Automation is a new era of technological advancement that is set to have a massive impact on the way many of us approach our work lives.
With modern machine learning coupled alongside physical machines, many millions are expected to be removed from the workplace and replaced by robots, which is expected to become especially prevalent within the fast food and transportation industry.
With the rise of robotic automation in the workplace, many have seen it as the end of their professional careers, while others are celebrating the moment the machines begin to take over and make life that much more convenient. We’re beginning to see it in the fast food industry, where servers are being replaced for automated systems that the customer interacts with directly.
And while there’s no denying that at least 5 million jobs may soon come to an end, many others will start to benefit from the automation. This is true in the medical world, where robotic assistants will be able to assist doctors in making diagnoses, as well as prescribing the correct medication automatically.
It may even spread to other industries, such as gaming or betting, where robots will automatically put down bets for horse racing, for example.
It’s Nothing New
We like to think that we’re the first civilisation in mankind’s history to begin making use of automated machines – mostly due to our advances in technology – but the idea has been around for a long time.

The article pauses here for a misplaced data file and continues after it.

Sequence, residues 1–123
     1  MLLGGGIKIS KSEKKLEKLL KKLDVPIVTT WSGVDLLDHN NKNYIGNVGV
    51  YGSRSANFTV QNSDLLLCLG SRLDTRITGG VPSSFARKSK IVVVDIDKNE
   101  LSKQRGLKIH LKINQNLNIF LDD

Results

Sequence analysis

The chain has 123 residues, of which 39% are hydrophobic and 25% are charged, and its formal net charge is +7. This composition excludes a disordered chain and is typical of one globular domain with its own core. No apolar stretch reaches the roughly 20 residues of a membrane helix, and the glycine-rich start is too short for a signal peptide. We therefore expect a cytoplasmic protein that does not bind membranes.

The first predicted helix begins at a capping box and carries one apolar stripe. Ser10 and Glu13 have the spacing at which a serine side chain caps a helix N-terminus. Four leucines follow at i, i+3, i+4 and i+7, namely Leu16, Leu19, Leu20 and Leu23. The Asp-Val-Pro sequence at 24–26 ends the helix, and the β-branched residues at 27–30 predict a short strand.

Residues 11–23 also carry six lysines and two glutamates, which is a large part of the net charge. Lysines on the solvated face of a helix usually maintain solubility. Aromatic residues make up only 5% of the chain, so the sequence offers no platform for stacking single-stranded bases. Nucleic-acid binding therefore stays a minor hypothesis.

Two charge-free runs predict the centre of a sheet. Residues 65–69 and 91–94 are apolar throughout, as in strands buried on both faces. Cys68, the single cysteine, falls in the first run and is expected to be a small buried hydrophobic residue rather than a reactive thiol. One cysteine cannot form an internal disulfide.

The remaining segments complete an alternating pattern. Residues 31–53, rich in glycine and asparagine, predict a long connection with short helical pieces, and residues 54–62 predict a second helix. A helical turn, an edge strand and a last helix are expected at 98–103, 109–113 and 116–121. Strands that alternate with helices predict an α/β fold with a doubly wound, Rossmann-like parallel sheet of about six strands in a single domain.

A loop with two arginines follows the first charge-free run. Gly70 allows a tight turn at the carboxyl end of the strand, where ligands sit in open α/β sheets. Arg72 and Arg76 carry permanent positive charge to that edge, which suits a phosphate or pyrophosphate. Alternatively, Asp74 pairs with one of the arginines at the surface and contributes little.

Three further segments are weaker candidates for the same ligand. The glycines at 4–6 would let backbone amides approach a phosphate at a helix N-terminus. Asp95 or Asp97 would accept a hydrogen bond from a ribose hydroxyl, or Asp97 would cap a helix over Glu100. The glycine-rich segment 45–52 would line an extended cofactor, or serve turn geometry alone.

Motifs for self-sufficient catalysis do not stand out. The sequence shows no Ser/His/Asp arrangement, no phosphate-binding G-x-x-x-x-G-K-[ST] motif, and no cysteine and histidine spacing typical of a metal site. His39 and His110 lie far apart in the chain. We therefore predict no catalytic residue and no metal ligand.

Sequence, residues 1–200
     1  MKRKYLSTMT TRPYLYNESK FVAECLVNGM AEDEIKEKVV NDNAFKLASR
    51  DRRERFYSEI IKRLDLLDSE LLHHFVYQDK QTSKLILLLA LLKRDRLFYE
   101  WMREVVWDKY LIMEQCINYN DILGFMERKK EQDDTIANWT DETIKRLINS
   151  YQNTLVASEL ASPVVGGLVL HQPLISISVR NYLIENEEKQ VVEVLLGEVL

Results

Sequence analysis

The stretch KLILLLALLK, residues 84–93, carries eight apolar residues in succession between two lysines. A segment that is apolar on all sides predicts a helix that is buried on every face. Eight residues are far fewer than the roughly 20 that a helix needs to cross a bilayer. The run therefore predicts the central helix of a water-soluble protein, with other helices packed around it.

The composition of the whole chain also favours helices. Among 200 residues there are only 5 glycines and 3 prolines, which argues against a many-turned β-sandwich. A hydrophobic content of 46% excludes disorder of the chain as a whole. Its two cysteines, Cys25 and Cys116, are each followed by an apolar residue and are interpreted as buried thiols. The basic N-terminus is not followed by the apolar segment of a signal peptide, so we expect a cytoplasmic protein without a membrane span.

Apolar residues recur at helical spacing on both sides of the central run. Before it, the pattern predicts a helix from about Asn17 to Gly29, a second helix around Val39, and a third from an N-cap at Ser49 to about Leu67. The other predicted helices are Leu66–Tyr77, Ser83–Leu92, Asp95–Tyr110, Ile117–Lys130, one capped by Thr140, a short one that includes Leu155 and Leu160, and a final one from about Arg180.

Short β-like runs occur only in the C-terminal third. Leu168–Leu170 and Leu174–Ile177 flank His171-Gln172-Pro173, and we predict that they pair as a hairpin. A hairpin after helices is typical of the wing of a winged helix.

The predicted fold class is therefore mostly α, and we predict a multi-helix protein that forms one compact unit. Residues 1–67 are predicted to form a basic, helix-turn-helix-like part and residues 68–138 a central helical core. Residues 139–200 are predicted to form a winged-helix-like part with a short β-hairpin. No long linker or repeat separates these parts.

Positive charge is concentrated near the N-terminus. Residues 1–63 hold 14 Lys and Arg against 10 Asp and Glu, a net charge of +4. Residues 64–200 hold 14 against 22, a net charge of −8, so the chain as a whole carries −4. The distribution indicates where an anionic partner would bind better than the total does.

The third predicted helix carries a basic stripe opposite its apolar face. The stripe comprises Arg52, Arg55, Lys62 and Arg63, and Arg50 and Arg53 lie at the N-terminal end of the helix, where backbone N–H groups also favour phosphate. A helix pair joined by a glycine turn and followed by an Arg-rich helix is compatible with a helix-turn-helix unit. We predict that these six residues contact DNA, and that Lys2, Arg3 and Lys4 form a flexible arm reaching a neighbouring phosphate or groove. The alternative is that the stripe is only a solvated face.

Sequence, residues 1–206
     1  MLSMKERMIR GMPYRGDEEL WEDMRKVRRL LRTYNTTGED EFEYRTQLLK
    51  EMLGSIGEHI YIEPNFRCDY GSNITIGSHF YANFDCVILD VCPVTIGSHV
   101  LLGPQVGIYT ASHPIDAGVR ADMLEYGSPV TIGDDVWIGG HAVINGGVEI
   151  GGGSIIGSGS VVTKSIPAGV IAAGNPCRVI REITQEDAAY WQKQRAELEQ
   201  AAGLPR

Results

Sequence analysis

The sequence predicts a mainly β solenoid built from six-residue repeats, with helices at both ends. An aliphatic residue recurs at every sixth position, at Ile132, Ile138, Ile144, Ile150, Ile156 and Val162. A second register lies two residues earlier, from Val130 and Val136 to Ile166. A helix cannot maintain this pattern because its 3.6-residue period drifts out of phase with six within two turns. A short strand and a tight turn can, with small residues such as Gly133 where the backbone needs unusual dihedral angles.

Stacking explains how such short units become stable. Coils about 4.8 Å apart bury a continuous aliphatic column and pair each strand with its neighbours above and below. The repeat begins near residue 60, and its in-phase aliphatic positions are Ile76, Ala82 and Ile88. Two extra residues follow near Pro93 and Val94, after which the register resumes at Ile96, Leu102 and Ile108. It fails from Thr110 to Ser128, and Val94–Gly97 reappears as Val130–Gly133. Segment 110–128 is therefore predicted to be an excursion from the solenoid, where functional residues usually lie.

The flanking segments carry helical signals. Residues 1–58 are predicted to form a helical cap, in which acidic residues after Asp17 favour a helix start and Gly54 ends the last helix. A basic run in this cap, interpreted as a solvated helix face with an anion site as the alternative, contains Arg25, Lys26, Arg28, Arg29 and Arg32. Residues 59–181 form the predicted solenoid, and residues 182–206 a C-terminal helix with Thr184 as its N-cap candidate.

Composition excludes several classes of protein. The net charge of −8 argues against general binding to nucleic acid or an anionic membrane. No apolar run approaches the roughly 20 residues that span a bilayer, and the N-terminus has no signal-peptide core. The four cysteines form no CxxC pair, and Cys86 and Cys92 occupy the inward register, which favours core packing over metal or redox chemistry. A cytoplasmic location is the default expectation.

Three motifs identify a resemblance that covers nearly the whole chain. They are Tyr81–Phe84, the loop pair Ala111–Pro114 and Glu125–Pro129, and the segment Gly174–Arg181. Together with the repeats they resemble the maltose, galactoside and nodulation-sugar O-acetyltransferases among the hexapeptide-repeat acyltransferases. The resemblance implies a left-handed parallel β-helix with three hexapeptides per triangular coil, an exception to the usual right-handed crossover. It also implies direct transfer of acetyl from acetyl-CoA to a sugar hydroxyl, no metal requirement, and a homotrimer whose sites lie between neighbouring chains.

The ancient Greeks, for example, made use of complex mechanical devices that are believed to have existed in Hellenistic Greece. One of the best examples is the world’s first analogue computer: the Antikythera mechanism.
The World’s First Industrial Automation
In fact, automation has been a part of the modern world for a long time now, which is a fact that many people tend to disregard. Before the start of World War 2, most of what was produced was done by hand, and it meant having countless thousands employed in certain production industries.
This changed when automated machines were introduced and began the era of mass production, which saw raw materials being processed into a final product with very little human interaction.
This automation has seen the end to thousands of jobs over the last few decades, and has become the main method of how we get most of the products we see in stores today. Automation has been a concern for the last century; only this time round it may have the smallest impact yet.
Efficiency is the king of all production in the world, and businesses are trying their best to try and replace manual labour for automation simply due to the lower chances of fault as well as lowered costs.
This also coincides with a much more consistent quality overall as machines tend to make fewer mistakes than their human counterparts. And while we may see a few million lose their jobs over the next decade, overall consumers will be provided with higher quality goods that will cost less and break much more infrequently.